Complain about us
You can complain about us if you think we:
- have not been impartial in our work
- did not deal with something, or did not deal with something quickly enough
- did not follow the correct procedures
- have shown unfairness, discrimination or discourtesy
- made mistakes when carrying out our work
- did not meet our standards of service
We will not be able to help if your complaint is about:
- political advertising and campaign material, or the behaviour of candidates
- electoral registration, voting or polling station issues
- our regulation or election finance decisions
If you’re not sure if we can help with your complaint, you can contact us. We’ll be able to tell you if we can help, or if you should make your complaint to someone else.
Why we can't help with some complaints
Political advertising and campaign material, and the behaviour of candidates
We regulate campaign spending, but do not have the powers to deal with:
- the content of political advertising
- the content of campaign materials
- candidate behaviour either
If you have a complaint about advertising, material or behaviour, you need to contact the party or candidate who are responsible for it.
If you think the content of the advertising or material is committing a criminal offence, you need to contact the police. Every police force has a dedicated Single Point of Contact officer (SPOC) for these complaints.
Electoral registration, voting or polling station issues
You need to contact your local registration office if you have a complaint about electoral registration, voting or polling station issues.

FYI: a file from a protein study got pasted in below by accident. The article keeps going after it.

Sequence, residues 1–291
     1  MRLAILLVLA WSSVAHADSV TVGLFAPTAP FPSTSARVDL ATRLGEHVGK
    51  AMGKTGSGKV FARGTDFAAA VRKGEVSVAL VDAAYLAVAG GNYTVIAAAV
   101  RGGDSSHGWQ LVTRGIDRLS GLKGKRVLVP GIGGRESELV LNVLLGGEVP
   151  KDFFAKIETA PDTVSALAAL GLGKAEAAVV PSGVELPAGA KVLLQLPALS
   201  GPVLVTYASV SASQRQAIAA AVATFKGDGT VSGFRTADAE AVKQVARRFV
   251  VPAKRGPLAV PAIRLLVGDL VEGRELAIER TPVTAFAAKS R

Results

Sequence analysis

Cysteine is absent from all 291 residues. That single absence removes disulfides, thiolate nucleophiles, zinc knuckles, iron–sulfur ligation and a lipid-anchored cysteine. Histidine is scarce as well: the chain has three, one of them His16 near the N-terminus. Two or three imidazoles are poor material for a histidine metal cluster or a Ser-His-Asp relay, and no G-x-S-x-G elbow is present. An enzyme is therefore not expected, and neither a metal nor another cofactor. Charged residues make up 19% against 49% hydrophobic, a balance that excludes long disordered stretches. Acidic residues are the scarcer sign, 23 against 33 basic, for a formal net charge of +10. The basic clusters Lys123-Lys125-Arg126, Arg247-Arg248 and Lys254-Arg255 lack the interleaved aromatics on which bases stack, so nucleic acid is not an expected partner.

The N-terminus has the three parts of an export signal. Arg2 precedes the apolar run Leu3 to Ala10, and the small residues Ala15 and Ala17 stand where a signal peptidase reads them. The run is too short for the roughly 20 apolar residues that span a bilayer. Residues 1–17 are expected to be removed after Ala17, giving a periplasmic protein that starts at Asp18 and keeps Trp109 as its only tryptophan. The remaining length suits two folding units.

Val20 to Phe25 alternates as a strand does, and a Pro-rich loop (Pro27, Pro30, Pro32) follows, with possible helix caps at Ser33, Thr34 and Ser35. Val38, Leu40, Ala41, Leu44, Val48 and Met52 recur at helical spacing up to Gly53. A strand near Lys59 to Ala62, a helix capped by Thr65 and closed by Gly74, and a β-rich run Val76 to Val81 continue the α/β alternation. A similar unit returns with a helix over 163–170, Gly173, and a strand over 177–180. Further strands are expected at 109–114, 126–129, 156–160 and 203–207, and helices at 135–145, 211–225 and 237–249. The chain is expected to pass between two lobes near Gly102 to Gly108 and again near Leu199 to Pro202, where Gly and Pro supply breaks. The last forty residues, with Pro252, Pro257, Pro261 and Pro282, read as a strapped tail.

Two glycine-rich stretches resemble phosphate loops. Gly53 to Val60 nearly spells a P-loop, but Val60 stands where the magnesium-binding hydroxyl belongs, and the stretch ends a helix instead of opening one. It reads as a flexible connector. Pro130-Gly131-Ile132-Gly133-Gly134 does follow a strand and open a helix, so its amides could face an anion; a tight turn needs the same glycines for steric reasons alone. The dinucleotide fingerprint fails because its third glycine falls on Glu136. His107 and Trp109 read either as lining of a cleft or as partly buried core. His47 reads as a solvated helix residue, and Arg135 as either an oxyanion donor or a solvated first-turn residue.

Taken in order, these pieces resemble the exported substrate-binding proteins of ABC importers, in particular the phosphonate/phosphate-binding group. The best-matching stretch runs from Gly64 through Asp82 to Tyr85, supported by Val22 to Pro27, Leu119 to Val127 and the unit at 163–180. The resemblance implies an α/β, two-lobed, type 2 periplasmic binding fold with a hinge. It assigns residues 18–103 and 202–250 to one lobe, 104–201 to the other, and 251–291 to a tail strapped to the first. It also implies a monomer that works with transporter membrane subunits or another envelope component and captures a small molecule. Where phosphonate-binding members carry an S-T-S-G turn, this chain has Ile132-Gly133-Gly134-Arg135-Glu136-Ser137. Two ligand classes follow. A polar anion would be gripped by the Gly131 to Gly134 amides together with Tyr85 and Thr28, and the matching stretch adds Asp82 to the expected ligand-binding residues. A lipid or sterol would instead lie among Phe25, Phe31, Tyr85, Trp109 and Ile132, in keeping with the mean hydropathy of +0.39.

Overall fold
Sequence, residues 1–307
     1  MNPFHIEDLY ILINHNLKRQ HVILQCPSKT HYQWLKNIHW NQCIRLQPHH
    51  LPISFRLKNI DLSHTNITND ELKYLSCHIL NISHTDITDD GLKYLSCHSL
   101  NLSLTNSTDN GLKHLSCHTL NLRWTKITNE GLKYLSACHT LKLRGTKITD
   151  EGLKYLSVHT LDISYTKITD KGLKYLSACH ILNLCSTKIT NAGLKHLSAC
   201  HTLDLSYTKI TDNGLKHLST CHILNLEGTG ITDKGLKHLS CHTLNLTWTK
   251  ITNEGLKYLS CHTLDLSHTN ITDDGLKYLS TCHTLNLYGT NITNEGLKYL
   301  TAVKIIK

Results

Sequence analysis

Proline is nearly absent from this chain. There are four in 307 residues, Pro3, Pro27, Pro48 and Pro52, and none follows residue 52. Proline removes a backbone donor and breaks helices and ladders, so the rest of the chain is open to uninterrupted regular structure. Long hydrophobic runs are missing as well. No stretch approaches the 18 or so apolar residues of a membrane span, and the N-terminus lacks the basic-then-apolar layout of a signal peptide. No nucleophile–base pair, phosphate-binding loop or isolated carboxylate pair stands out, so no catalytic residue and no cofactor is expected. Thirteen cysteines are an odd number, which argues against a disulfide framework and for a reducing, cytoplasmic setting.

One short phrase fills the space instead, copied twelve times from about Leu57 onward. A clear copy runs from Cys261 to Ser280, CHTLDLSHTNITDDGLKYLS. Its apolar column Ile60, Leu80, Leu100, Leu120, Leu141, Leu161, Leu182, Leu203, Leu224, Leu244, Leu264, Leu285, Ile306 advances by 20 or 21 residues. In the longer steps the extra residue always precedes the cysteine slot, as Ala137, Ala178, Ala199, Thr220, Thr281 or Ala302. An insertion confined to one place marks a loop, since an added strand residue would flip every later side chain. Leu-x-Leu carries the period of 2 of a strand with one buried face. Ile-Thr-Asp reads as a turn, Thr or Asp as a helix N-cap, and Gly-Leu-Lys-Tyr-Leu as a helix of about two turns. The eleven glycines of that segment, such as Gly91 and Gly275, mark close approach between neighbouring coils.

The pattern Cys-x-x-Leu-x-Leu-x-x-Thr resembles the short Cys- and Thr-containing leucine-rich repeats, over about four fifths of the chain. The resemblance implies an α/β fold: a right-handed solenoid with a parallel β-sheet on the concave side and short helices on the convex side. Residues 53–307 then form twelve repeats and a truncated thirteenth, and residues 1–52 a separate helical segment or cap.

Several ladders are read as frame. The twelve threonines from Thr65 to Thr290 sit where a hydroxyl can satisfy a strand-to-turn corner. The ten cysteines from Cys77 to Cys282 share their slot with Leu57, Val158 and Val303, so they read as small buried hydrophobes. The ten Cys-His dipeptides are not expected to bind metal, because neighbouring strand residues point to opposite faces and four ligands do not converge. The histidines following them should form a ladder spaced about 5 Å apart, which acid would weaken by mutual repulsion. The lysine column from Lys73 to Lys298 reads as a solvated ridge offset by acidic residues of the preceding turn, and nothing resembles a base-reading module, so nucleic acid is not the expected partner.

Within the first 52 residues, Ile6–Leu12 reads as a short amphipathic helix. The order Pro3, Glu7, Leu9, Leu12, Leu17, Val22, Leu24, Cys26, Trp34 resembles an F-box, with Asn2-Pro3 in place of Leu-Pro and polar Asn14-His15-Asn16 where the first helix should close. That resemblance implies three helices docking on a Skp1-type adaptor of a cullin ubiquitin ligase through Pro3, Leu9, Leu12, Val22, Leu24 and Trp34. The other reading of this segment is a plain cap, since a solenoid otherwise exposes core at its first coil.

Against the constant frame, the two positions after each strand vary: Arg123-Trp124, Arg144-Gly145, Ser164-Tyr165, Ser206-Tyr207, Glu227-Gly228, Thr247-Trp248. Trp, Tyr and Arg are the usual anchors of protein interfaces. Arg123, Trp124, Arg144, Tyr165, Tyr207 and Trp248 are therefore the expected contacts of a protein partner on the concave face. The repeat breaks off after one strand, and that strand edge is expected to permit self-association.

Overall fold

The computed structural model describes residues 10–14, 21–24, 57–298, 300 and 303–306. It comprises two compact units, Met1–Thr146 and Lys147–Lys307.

If you’re in Northern Ireland, you need to contact the Electoral Office for Northern Ireland.
You can contact us for advice about your complaint.
Our regulation decisions
You can make a complaint if it’s about our administrative process rather than about a decision. You will need to explain your complaint, and not base it on disagreement with our decision.
We don’t consider disagreements with our regulatory decisions to be a complaint, unless it’s about the way we reached a decision.
Some of our regulatory decisions, such as imposing fines, give the person we fine the right to appeal to the courts. In other cases you will need to follow a judicial review process through the courts.
If we decide not to open an investigation in response to an allegation you have made, but you think we should have done, you can ask for a review of that decision.
Make a complaint
To make a complaint, you can:
- contact us online
- write to us at: Complaints, The Electoral Commission, 3 Bunhill Row, London, EC1Y 8YZ
- call us on 020 7271 0604 if you’re unable to make your complaint in writing
This includes complaints about how we have adhered to, or failed to adhere to, the Welsh language standards.
If you think we should investigate your complaint in confidence, you need to make this clear when you submit your complaint.
We will contact you about your complaint within 20 working days. We hope to investigate and resolve your complaint within this time, but will let you know if we can’t do this for any reason.
If we find that your complaint is about something we can’t help with, we will contact you and tell you why.
How we deal with complaints
When we deal with a complaint, we do our best to:
- get it right
- be customer-focused
- be open and accountable
- act fairly and proportionately
- seek continuous improvement
Ask for a review or complain to the ombudsman
If you’re not happy with our response to your complaint, you can ask for our Chief Executive to review it.
Our Chief Executive will consider your complaint and our response to it. We will then contact you with any further information or decisions.
If you dissatisfied with the outcome of the review, the next stage is complaining to the Parliamentary and Health Service Ombudsman. For complaints relating to our work in Scottish local government elections, this will be Scottish Public Services Ombudsman.
You will need to contact your MP if you want to progress your complaint to this stage. The Parliamentary Ombudsman will normally only consider complaints that MPs refer to them.
- The Electoral Commission
- UK wide